135.004-63 Omega Railmaster
Of the original Omega trilogy, it’s always the 2914 that’s the odd man out. It may not have the sexy car racing and moon landing image of the Speedmaster or the diving practicality and Royal Navy pedigree the Seamaster offers, but it’s every bit the watch those other two are. And anti-magnetism is arguably an even more usable complication in modern life with iPhones, airport scanners, and those incredibly strong little magnet toys that my nephew always seems determined to attach around my ear lobe until I reach threshold pain. The anti-magnetic offering is always overlooked, particularly considering this was a worthy competitor to the 6541 in period, which is now trading hands at house money. I was on Fog City’s podcast recently and when asked about strong value props in the market today the Railmaster came immediately to mind. But this isn’t a 2914. It’s what came just after, when Omega updated their reference system in 1963. With its cherry on top full set (yes, really), this particular example is one of the craziest values in vintage today.
I truly believe the Railmaster to be one of Omega’s greatest, accomplishing 1000-Gauss resistance well before the Milgauss. Due to its unpopularity in period, this is the rarest (by volume) of the initial trilogy and perhaps the most understated ‘sport’ Omega ever. The Railmaster was intended to resist magnetic fields, for use by railroad workers and scientists. Magnetic fields can create sizable inaccuracy in watches by magnetizing the hairspring and causing it to stick to itself. In period railroad operation, it was (as you can imagine) hugely important to have an accurate watch in order to avoid being on the wrong section or intersection of track at an inopportune moment. Likewise, scientists were ramping up the space race and keeping the cold war on ice, all of which meant magnetic resistance was a real need. The Railmaster solved this problem with a soft inner iron Faraday cage and dust shield which enveloped the manually-wound calibre 284. The Staybrite steel case was constructed by Huguenin Frères and despite its onion-like layering remained 38mm. Interestingly, the dial is also 1mm thick, as opposed to the usual .4mm, in an effort to shield the face from magnetism.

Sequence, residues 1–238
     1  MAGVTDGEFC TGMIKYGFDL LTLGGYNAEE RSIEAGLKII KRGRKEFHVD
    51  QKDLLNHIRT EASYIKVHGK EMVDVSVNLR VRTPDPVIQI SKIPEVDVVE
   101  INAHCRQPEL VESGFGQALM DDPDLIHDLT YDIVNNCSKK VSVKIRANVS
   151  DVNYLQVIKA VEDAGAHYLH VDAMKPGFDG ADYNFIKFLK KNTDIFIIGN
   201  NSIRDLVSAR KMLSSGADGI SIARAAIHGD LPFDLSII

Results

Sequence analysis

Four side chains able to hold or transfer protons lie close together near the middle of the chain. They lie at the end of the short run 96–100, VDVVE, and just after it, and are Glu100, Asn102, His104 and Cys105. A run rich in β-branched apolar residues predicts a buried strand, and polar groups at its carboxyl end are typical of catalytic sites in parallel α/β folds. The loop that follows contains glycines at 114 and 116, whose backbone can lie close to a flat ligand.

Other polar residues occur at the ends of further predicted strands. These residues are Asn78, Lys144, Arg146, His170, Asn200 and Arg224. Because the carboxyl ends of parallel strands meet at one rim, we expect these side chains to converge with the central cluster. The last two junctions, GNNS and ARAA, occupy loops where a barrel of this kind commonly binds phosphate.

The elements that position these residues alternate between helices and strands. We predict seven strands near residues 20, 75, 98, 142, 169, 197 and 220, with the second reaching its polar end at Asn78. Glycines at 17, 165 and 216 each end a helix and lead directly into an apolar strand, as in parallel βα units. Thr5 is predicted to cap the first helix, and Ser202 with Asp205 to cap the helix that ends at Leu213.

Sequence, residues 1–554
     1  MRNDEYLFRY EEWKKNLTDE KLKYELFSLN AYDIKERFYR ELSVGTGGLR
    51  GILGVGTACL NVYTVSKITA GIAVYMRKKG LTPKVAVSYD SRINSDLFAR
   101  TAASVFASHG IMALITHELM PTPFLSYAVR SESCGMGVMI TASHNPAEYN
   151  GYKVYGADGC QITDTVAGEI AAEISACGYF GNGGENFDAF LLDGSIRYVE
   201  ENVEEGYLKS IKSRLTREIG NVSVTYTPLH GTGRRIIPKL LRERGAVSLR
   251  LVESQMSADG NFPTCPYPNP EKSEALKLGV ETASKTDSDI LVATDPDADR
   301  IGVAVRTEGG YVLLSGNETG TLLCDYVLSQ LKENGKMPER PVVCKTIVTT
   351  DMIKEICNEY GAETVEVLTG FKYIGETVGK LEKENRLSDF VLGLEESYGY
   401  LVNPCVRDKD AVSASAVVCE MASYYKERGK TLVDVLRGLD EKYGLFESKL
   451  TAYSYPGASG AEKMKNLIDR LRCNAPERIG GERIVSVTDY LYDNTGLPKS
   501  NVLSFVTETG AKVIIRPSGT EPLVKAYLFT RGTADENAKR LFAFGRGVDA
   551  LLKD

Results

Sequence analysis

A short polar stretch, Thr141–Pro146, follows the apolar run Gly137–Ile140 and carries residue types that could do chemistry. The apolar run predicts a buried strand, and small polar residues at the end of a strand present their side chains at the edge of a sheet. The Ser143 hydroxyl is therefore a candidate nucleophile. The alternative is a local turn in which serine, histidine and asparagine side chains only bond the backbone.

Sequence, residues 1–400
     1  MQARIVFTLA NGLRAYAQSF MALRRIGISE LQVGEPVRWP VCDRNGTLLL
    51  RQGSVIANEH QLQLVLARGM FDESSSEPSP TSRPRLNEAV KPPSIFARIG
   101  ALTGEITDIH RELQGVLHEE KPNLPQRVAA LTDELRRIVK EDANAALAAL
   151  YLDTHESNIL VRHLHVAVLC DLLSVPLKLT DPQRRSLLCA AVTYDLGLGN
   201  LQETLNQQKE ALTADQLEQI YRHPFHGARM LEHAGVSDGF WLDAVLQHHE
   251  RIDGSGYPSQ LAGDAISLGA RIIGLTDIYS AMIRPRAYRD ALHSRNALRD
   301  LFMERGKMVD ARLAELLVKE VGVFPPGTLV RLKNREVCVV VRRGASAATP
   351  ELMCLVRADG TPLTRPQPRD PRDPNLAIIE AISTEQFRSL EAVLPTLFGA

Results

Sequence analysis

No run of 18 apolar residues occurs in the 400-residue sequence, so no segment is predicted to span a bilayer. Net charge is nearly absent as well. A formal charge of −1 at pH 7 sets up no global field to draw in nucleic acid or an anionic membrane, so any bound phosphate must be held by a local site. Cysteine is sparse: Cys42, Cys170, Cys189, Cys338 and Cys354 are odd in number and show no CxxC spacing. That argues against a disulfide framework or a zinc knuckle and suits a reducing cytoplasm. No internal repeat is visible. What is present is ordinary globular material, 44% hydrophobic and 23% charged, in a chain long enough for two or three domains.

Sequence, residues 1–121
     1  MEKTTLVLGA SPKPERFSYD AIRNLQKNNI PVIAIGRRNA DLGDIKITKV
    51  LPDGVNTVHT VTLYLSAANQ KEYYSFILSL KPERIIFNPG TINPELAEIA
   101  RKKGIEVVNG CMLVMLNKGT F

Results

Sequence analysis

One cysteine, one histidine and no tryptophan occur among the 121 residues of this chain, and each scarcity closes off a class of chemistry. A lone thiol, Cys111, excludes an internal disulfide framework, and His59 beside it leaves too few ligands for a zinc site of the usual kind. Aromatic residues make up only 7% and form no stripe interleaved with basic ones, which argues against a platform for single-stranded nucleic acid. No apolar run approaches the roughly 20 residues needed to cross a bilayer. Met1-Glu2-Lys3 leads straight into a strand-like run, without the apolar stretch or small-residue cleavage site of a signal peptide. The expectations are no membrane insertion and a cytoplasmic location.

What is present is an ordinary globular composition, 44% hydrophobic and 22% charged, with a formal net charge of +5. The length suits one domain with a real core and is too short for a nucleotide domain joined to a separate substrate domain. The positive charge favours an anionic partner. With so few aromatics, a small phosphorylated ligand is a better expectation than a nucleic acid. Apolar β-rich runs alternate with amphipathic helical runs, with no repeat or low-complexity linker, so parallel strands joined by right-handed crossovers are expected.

Because everyone knows the 2914, everyone searches for it. The 135.004 is the same watch, just with a different name. Because it’s less known and not the first, it’s less searched for and, as a result, generally a little less expensive. 135.004 was first stamped in 1963 and production stopped in 1963 except for a run for the PAF in ’64. Effectively, it’s a one-year production. The early Railmaster is doubly tricky, including 2914s, as there are multiple hands and dial iterations that are all correct. Some specific batches were even ordered with Seamaster dials. It’s a complicated, technically advanced, hugely accomplished original sport Omega that you have to research to buy. And it’s less than 20K. I think that’s all I have to say.
This example is in strong overall condition. The case is full but has seen a light polish, more common than not. The good thing is these lugs were never beveled or razor sharp to begin with so its a lot less of a huge deal on these cases. The dial is great with tritium lume aged to a golden tan. A small section has fallen in the hour hand. Interestingly, while the vast majority of these were radium dials toward the end of the line, there were some dials with tritium. A long discussion on this matter can be found here. This example comes, very impressively, with a true full set from era. That’s almost unheard of. It’s being offered from a well-regarded Miami retailer.